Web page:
Authorised flying-fox roost management
Management of flying-fox roosts
The Queensland Government recognises the need for urban flying-fox roosts to be managed in a way that addresses both community expectations and the long-term conservation of flying-foxes which play an important role as pollinators for many native plant species.
Local governments’ as-of-right authority to manage flying-fox roosts
The government also recognises the important role local governments continue to play in managing issues around flying-fox roosts in urban areas. Local governments have an as-of right authority under the Nature Conservation Act 1992 (the Act) to manage flying-fox roosts in Urban Flying-Fox Management Areas (UFFMA).
The as-of-right management activities are limited to non-lethal methods, and may only be undertaken in accordance with the Code of practice—Ecologically sustainable management of flying-fox roosts . The code of practice ensures acceptable welfare outcomes for flying-foxes.
If a local government commits to roost management activities under the code of practice, it has a number of actions at its disposal including destroying a roost, driving flying-foxes away from a roost, or moving flying-foxes within a roost e.g. using water sprinklers or floodlighting or tree trimming to create a ‘buffer’ between flying-foxes and residences. The code of practice and the Flying-fox roost management guideline assists decision-making regarding management options at flying-fox roosts.
Activities affecting the spectacled flying-fox and grey-headed flying-fox may be subject to referral to the Commonwealth under the EPBC Act in the event of likely significant impact.
Flying-fox roost management framework review
In 2018 the Queensland Government began a comprehensive review of the flying-fox roost management framework. Throughout 2018 and 2019 the department undertook four rounds of consultation with the Local Government Association of Queensland, relevant councils as well as scientific experts and conservation groups on the Flying-Fox Roost Management Codes of Practice and Roost Management Guideline, to ensure the new framework met the needs of local governments and their communities impacted by flying-fox roosts, as well as conservation and animal welfare groups. The review has produced a balanced framework which provides councils with a better range of options to be able to effectively manage urban flying-fox roosts, while at the same time ensuring conservation and welfare outcomes for all species of flying-fox. A new online notification and evaluation web form were also introduced as part of this review, enabling better data collection while reducing paperwork.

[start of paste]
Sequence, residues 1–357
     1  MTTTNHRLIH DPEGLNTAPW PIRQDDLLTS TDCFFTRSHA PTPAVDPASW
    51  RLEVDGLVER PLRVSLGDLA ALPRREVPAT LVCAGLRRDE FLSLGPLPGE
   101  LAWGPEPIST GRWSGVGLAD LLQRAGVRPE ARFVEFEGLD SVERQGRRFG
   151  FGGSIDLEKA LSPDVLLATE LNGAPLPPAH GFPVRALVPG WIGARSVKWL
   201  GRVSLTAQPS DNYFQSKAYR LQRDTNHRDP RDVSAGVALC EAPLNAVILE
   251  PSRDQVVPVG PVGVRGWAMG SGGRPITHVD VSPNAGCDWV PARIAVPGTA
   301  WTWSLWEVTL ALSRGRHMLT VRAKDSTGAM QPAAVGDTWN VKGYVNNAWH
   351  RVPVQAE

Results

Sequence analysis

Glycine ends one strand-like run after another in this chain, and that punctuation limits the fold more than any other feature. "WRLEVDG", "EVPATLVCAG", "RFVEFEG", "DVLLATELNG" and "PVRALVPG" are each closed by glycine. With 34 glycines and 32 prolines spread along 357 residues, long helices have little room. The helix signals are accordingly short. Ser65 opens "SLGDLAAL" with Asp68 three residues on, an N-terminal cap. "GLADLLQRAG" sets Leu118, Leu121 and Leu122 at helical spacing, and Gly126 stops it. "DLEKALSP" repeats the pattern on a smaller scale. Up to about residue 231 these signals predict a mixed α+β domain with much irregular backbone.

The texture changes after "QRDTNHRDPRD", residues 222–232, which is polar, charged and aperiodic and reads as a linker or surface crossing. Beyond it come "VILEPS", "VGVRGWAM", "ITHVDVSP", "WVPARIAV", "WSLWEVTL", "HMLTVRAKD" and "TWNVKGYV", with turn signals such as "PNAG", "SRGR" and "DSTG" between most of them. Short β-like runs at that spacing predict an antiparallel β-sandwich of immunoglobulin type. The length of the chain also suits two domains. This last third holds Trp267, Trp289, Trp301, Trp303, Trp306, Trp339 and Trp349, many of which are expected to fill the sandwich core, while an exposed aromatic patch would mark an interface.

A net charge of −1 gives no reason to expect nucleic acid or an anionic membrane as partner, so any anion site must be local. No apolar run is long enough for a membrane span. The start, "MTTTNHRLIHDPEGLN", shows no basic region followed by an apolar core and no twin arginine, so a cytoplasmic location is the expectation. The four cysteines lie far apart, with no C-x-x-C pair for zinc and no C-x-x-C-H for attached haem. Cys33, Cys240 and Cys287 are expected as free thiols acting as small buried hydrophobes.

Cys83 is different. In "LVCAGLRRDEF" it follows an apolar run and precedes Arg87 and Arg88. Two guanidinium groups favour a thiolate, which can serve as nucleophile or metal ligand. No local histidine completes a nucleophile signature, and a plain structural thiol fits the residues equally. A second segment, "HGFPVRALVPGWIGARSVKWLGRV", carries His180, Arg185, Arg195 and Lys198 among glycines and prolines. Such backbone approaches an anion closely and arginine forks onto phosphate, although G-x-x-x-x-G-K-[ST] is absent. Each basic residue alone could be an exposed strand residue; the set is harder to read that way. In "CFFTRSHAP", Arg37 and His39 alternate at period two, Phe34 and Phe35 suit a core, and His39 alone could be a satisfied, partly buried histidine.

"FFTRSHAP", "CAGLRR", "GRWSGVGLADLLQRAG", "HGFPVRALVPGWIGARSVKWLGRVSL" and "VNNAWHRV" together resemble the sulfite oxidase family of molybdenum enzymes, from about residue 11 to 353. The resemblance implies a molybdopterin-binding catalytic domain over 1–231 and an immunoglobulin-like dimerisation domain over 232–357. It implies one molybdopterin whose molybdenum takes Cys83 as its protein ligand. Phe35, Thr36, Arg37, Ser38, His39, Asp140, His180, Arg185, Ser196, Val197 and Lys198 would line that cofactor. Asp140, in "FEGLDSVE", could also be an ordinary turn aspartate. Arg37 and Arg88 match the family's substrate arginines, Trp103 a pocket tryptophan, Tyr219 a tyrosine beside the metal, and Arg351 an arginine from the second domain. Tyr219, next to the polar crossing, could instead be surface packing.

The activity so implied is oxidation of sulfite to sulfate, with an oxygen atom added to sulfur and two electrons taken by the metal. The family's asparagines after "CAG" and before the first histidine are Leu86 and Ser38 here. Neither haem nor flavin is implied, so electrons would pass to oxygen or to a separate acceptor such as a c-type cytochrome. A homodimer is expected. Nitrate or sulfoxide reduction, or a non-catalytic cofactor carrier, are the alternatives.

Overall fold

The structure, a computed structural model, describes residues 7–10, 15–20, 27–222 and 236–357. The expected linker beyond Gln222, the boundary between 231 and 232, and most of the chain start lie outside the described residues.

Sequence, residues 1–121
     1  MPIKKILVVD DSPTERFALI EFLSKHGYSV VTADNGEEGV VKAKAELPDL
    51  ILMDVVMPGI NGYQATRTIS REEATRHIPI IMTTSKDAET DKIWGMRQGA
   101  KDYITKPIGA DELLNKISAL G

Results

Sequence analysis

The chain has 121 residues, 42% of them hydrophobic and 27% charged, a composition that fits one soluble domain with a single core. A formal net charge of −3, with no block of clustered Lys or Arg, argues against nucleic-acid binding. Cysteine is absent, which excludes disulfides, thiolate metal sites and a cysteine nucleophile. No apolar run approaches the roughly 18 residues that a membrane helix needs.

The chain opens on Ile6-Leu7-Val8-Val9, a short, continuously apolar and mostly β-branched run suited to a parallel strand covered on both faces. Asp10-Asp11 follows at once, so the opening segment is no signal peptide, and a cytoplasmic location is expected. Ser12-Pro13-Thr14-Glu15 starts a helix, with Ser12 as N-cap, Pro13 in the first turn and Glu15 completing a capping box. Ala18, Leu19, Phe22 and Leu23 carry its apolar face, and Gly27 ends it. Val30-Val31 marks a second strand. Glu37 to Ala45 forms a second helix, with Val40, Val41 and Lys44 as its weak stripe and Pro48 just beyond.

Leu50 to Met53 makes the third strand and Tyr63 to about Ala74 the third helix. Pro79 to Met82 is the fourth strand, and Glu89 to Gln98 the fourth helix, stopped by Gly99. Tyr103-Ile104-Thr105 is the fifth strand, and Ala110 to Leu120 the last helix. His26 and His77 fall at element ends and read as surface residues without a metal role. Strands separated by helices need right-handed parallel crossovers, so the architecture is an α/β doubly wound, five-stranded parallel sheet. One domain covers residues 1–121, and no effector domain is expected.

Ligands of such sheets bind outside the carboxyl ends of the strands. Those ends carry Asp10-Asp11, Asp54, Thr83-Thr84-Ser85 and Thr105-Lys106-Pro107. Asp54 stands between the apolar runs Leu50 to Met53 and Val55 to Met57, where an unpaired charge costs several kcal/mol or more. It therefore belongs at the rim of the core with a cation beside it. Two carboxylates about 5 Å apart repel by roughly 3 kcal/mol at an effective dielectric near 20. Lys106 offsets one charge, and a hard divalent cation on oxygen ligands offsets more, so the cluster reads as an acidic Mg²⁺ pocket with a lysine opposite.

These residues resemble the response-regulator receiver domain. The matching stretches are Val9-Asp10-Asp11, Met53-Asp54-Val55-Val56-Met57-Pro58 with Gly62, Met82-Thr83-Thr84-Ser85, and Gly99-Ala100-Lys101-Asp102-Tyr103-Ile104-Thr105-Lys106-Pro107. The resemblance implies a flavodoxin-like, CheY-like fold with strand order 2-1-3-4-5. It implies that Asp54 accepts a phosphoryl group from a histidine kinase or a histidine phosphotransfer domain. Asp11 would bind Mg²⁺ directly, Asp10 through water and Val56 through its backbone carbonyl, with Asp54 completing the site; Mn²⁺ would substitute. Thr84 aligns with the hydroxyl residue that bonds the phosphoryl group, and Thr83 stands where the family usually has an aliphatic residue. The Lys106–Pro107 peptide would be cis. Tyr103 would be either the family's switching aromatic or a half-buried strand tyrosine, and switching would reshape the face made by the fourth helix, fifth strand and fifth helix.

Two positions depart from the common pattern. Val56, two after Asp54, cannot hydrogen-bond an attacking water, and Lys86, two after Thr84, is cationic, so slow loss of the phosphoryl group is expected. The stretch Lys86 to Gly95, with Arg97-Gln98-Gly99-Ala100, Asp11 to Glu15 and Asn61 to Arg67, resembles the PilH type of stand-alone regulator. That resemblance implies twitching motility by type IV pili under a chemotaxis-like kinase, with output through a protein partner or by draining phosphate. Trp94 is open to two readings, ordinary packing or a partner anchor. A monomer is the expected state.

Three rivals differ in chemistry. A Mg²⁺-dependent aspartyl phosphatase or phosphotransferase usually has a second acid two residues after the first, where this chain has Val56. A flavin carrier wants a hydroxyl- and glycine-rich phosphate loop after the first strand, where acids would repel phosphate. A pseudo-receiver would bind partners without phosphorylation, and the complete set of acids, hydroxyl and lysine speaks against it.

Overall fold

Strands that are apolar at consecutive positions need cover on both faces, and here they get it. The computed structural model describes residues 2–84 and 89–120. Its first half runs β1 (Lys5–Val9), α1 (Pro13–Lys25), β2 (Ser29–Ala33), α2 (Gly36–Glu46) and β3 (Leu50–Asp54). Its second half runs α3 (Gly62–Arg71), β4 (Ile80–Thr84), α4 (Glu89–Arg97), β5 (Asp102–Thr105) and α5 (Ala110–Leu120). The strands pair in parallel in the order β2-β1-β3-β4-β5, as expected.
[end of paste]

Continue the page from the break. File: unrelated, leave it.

Flying-fox roost management permits
Local governments wishing to either conduct activities within an UFFMA that are not compliant with a code of practice, or manage a roost outside of an UFFMA, are required to obtain a flying-fox roost management permit (FFRMP) from the department. Individuals may also apply for a FFRMP.
Operating outside of the code of practice, or outside of an UFFMA without a FFRMP is not authorised and may have legal consequences. For example, actions could breach sections of the Nature Conservation Act 1992 or the Animal Care and Protection Act 2001 as well as the Commonwealth’s Environment Protection and Biodiversity Conservation Act 1999 (EPBC Act).
Flying-fox roost management notification form
Authorised management under the Code of practice—Ecologically sustainable management of flying-fox roosts requires that the department be notified at least two business days prior to commencing any management actions. The purpose of notification is to enable the department to know the type and extent of authorised flying-fox roost management actions being undertaken across Queensland.
Flying-fox roost management evaluation form
The purpose of this evaluation form is to enable the department to record the outcome of authorised flying-fox roost management actions being undertaken in order to improve roost management practices and conservation outcomes for flying-foxes in Queensland. This form also satisfies the requirements of a Return of Operations.
Low impact activities affecting flying-fox roosts
All persons are authorised to undertake low impact activities at roosts in accordance with the Code of practice—Low impact activities affecting flying-fox roosts Low impact activities include weeding, mulching, mowing or minor tree trimming. If you have any specific questions please refer to Flying-foxes: questions and answers.
Operating outside of the code of practice is not authorised and may have legal consequences.
Statements of management intent
A key element of any flying-fox management program is the provision of information, particularly for those urban areas directly affected by flying-fox roosts. To assist local governments in engaging their communities, they may develop and publish a Statement of Management Intent (SoMI). For more information about a SoMI refer to the Flying-fox roost management guideline .